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    Connectivity Is Key: Why a New Indian Tiger Reserve Is So Valuable

    Written by

    Derek Mead

    Editor-In-Chief

    A male tiger reportedly in the Bandipur reserve, via vksrikanth on Flickr

    That adorable tiger cub we saw yesterday was a potential harbinger of good news: The tiger population in India's Bhanda Tiger Reserve is reportedly on the rise, according to the Wildlife Conservation Society. Now here's some more great news: a new tiger reserve declared by the Indian government will help connect two previously isolated reserves into what should effectively be one large one.

    Via WWF

    The new reserve is part of Sathyamangalam Wildlife Sanctuary in the Indian state of Tamil Nadu, and will connect the Bandipur and Biligiri Ranganswamy Temple reserves as diagrammed in the WWF-India map at right. The forests contained in the Sathyamangalam reserve are home to about 25 tigers, according to a WWF release. The new tiger reserve measures some 272 square miles, and will be protected in perpetuity.

    The decision from earlier this month makes four tiger reserves in Tamil Nadu, and 42 in India as a whole. And it's not just good news for tigers. Their home is also home to plenty of other important, threatened creatures, including mammal brethren like elephants, hyenas, and leopards.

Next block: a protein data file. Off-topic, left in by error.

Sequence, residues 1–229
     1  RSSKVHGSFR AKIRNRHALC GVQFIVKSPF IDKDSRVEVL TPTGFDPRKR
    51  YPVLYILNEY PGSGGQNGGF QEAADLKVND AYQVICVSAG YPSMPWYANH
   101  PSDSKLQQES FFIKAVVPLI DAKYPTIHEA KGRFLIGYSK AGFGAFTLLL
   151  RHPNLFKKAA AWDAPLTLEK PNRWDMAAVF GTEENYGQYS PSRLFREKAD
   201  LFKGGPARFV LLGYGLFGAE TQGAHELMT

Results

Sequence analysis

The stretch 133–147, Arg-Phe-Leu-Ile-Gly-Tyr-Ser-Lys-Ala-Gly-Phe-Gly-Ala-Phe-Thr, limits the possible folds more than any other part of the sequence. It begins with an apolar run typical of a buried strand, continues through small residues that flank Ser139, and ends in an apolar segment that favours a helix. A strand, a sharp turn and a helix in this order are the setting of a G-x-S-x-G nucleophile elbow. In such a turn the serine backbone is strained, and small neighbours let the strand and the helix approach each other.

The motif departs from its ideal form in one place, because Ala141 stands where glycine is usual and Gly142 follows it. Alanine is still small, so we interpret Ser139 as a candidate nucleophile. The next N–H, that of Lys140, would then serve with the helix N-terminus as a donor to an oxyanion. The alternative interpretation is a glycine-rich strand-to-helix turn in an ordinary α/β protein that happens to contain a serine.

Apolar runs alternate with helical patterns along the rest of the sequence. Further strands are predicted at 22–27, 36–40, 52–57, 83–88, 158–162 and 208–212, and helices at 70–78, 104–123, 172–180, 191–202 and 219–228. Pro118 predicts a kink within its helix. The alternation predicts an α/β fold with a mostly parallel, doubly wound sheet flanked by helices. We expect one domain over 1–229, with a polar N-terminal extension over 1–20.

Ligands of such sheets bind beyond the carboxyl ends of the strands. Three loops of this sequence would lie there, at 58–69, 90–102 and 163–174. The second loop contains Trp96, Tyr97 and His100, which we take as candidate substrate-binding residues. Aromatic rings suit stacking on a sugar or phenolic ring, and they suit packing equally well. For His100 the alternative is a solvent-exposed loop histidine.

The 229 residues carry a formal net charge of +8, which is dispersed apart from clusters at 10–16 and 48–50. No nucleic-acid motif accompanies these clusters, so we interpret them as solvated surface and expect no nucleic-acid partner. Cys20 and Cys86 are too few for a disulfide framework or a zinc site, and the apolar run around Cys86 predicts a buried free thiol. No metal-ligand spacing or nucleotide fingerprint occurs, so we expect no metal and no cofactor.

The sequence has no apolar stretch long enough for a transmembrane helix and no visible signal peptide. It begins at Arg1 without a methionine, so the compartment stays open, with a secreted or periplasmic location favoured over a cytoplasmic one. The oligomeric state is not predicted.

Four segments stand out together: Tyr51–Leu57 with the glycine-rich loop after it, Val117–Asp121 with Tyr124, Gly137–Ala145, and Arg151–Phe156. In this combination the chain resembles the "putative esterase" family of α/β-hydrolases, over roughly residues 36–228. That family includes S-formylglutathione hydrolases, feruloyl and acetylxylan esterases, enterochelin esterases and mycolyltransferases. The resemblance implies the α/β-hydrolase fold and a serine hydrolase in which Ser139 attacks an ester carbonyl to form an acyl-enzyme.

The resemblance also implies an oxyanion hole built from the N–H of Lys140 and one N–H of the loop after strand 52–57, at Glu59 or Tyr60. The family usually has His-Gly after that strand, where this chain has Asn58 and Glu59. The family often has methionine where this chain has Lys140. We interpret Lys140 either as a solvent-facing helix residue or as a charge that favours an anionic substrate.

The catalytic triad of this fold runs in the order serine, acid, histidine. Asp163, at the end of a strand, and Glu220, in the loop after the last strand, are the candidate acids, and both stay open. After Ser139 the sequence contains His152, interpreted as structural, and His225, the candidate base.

That, on its own, is great evidence of the conservation value of high-profile, keystone species like tigers. As we've seen in the tiger tourism industry, figuring out effective ways to protect a species with such huge land requirements as tigers pays immediate dividends to all of the species that share land with them.

    But beyond that, what's truly exciting about the new reserve is that is helps guarantee connectivity between the protected populations at Bandipur and Biligiri. Connectivity is key from an ecological standpoint because (generally, mind you) a single large area tends to be of higher quality and productivity than a group of disconnected areas of equal size.

    Partially that's due to edge effects; whether due to human interactions, local developments, or habitat degradation, the edges of a reserve tend to be of lower quality than the interior. And as compared to a single large region, a patchwork of areas have a lot more edge area. 

    There's also tigers' need for a lot of territory. They're massive, territorial predators (even at their smallest, female tiger ranges in Nepal are still around eight square miles). Now think of those territories like a puzzle; it's potentially possible to fit more of them into a single large region than a lot of small ones.

    Additionally, there's a isolation issue, as we've seen with pandas in China. If populations are effectively isolated into smaller groups, the individual groups are more at risk of local extinction or gene pool problems. This isn't just a tiger issue, either; the problems are an inherent part of all conservation management. And while all corridors and connectivity schemes aren't created equal, when they're designed properly, they work.

    In this case, we're talking about more than just corridors, and it's not totally clear how connected (or not) the populations in the three reserves were prior to the new protections. Still, we've got a region with a known tiger population that now has the same level of protection as the two reserves it connects to, which hopefully will end up making for a healthier long-term habitat for the rare, amazing cats.

    @derektmead

    Topics: tigers, wildlife, ecology, conservation, science

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